Kidan is expected to admit to fraud
One of the partners in the $147.5 million SunCruz sale five years ago is expected to plead guilty next week to fraud charges, according to law enforcement sources.
BY WANDA J. DeMARZO AND JAY WEAVER
Adam Kidan, the New York businessman who teamed up with a powerful Washington, D.C., lobbyist to buy SunCruz Casinos, has agreed to plead guilty to defrauding lenders in the $147.5 million purchase five years ago, according to sources familiar with the federal criminal case.
Kidan, 41, indicted along with Republican lobbyist Jack Abramoff, is expected to enter his plea next Thursday before a federal judge in Fort Lauderdale.
Several attempts to reach Kidan's attorneys Thursday were unsuccessful.
Abramoff, 46, is also discussing a possible plea deal with federal prosecutors, sources say.
But Abramoff's attorney, Neal Sonnett, said he is preparing to defend his client at trial, which is set for Jan. 9 before U.S. District Judge Paul Huck. Sonnett declined further comment.
According to an indictment returned in August, Abramoff and Kidan lied to lenders to qualify for a $60 million loan to buy the Broward County casino fleet from Konstantinos ''Gus'' Boulis. He was the former SunCruz owner, gunned down in February 2001 just five months after the sale.
Prosecutors allege the pair were required to invest $23 million to qualify for the financing but made no down payment in the SunCruz deal -- although Abramoff's lawyer claims it was Kidan who was supposed to put up all that money.
Law enforcement sources say, however, that correspondence between the two men and a Washington lobbyist who worked with Abramoff incriminates the SunCruz partners in the alleged scheme. The lobbyist, Michael Scanlon, recently cut a plea deal with Washington prosecutors in an influence-peddling investigation that parallels the SunCruz criminal case.
Scanlon is cooperating with Washington prosecutors as well as those in South Florida, according to his plea agreement.
The SunCruz fraud indictment sent shock waves from South Florida to Washington this summer. Abramoff already was the target of a Justice Department investigation into his lobbying activities with Scanlon on behalf of a half-dozen Indian tribes that own casinos.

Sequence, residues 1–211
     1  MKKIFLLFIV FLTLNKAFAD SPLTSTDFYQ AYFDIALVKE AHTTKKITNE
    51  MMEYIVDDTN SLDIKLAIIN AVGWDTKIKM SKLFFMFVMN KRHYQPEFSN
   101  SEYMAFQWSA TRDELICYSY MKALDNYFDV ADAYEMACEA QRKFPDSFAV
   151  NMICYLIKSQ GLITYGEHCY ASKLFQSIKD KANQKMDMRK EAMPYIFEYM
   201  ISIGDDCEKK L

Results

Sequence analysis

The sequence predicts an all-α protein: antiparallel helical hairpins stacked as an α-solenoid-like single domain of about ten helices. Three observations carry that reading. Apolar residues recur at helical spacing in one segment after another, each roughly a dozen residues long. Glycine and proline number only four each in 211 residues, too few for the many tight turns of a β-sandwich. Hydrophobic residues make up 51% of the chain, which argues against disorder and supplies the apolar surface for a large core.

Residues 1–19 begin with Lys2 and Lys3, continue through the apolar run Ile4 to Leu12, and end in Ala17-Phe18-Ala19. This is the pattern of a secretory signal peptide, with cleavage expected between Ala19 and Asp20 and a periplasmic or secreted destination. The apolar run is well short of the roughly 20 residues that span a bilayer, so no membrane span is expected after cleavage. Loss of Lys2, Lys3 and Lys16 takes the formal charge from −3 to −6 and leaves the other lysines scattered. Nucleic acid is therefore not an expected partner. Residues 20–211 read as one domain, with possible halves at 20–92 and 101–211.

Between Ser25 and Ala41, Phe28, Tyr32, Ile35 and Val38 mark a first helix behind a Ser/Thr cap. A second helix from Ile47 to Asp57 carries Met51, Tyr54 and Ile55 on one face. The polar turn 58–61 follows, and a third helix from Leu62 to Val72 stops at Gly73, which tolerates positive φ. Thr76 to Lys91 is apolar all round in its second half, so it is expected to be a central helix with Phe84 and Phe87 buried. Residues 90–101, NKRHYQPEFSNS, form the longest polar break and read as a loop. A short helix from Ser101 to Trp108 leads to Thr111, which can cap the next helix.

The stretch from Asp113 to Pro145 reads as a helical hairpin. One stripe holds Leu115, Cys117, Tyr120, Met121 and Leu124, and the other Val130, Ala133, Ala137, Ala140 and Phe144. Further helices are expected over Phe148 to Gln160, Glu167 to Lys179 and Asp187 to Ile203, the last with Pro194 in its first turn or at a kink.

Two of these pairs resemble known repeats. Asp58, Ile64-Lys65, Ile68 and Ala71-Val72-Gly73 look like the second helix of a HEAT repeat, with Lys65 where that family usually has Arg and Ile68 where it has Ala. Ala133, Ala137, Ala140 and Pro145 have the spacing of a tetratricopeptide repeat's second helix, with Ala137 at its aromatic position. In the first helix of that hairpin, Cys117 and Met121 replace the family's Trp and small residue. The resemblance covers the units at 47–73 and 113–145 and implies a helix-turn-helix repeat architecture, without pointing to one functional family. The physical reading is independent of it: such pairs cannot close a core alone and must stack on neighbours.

Meanwhile, Fort Lauderdale police wanted to talk with the SunCruz partners -- especially Kidan -- about what they knew of Boulis' mob-style shooting.
In September, the Broward State Attorney's Office charged three men with Boulis' murder -- including one defendant with longtime ties to a New York organized crime family.
In court documents released last month, one of the men accused of conspiring to kill Gus Boulis blamed Kidan.
Anthony Moscatiello, associate and pal of the late Gambino family crime boss John Gotti, told police after his arrest in New York that Anthony Ferrari told him that it was Kidan who ordered him to kill Boulis.
Moscatiello said: ''Tony Ferrari got a call from Adam Kidan in Europe telling Tony to do this and not to pay any attention to anything I said -- and I went nuts!'' Moscatiello told police that when he confronted Kidan, Kidan denied it.
Moscatiello, 67, Ferrari, 48, and James Fiorillo, 28, are charged in the Feb. 6, 2001 slaying of Boulis, the founder of Miami Subs and SunCruz Casinos.
All three, in the Broward County Jail, have pleaded not guilty. Kidan has not been charged in Boulis' killing. But the case is not considered closed by homicide detectives. Fort Lauderdale detectives have said additional arrests could be forthcoming.
Ferrari's and Moscatiello's only known ties to Boulis were through Kidan, a New York entrepreneur who bought SunCruz from Boulis about five months before the killing.
Court records show that Moscatiello and Ferrari were paid $250,000 by Kidan in the months before and after the slaying. Kidan has said he hired them for security and catering purposes.
Moscatiello, of Howard Beach, N.Y., received $145,000. Ferrari got $105,000 through his company, Moon over Miami Beach, according to U.S. Bankruptcy Court records.
Boulis, 51, was shot to death at the wheel of his Mercedes-Benz at an intersection on Miami Avenue in Fort Lauderdale.
SunCruz, which Boulis had sold in late September 2000 to Abramoff and Kidan, was then at the center of a bitter legal dispute. The company filed for bankruptcy in June of the following year, and has since reemerged under new owners.